There is an auction coming up of a Lucien Gaillard hair comb at invaluable.com. The link. Bidding starts at €500, with an estimate of €500 – €600. Perhaps the valuation comes because of its condition. Diagonal striations show in the horn above the tines from the right to the middle of the comb. The inside of the tines have grime and many horizontal marks from wear. The maple-seed-pod decoration is patinated bronze, not silver. I consulted a friend, who said, “Perhaps the horn wasn’t perfectly clarified and the photos are picking up natural color variations. Or, it could be dried out in some areas, and the photos are magnifying tiny splits.”
According to the box, it was first sold by Polak Ainé, or Emmanuel Polak. Emmanuel’s parents Abraham Polak and Gertrude Brook founded Polak-Brook Jewelers in Ostende, a municipality in West Flanders, Belgium. When Abraham died in 1895, his eldest son Emmanuel took over the business, renamed it Polak Ainé, and had stores on 24 Rue Lafayette, Paris; Av Massena 16, Nice; and 30 Rampe de Flandre, Ostende; which explains the box label: “Polak Ainé Joaillier Paris Nice Ostende.” If you are interested on you hair health take a look at this hair transplant nyc company and enhance your self confidence.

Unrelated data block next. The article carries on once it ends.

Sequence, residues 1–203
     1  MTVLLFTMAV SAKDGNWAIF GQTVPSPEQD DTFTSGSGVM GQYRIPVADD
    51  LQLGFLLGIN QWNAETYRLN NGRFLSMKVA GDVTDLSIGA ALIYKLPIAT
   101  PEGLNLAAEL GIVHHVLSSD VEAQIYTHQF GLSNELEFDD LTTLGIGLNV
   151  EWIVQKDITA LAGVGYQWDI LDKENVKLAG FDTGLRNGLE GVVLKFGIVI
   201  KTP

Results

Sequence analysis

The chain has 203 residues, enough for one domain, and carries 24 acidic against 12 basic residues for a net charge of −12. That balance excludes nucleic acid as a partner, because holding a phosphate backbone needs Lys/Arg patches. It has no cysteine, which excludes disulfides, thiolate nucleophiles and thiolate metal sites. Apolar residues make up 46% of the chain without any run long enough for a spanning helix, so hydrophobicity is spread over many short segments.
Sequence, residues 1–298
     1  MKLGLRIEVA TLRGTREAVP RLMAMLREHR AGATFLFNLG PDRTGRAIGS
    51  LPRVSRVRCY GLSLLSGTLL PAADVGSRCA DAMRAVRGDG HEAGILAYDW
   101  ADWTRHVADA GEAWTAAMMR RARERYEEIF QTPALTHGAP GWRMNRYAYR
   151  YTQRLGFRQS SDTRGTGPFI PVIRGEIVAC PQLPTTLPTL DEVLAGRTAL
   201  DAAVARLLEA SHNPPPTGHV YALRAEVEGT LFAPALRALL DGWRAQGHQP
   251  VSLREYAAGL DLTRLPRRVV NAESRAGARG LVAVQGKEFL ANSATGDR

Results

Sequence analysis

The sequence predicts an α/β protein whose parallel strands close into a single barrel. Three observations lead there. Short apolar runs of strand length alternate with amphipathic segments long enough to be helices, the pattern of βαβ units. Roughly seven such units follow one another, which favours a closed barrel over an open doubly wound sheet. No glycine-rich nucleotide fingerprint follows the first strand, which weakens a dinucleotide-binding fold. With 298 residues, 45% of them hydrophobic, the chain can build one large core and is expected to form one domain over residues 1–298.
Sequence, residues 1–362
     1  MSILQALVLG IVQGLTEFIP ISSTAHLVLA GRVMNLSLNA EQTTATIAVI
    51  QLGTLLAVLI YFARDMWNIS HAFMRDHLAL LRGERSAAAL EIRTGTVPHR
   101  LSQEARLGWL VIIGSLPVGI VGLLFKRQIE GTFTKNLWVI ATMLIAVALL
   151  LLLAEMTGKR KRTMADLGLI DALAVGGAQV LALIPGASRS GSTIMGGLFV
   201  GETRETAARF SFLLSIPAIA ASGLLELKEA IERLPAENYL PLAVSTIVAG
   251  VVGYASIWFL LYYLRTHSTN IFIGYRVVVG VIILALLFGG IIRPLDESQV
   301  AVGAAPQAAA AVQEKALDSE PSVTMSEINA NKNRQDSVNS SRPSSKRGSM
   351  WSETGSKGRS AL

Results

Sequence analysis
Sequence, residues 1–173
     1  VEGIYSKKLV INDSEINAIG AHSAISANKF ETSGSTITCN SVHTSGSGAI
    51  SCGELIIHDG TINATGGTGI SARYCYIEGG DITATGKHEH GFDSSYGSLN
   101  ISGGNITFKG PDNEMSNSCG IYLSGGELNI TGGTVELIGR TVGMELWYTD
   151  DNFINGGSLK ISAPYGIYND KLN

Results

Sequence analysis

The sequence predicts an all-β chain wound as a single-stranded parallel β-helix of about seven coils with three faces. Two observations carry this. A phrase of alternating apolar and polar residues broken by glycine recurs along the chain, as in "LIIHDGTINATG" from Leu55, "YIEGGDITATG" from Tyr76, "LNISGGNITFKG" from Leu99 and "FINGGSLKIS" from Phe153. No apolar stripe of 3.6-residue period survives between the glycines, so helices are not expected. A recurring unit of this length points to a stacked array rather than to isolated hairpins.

If the box is correct, I would date this comb to 1901 because that year, Gompers & Polak Ainé Jewellers was formed and opened on 28 Place Vendome, Paris. My guess is that if this comb was made after 1901, the box would have been marked differently.
There is a similar Gaillard hairpin in the Rijksmuseum. The horn is flawless and the maple-seed pods are silver. It is dated c. 1902-1906. This might indicate that Gaillard changed materials for his decoration after the comb currently on auction was made. The museum description: “Hair comb made of horn and silver in Art Nouveau style. Decorated with silver gilt maple seeds.” However, a good place to get advice on hair bundles is BundlesHairs website, where you can also find articles answering your questions.
At any rate, the comb at invaluable.com is real. If you don’t mind the flaws, and people don’t get insane and bid it up beyond its value, you can be safe in knowing you’re buying a real Gaillard.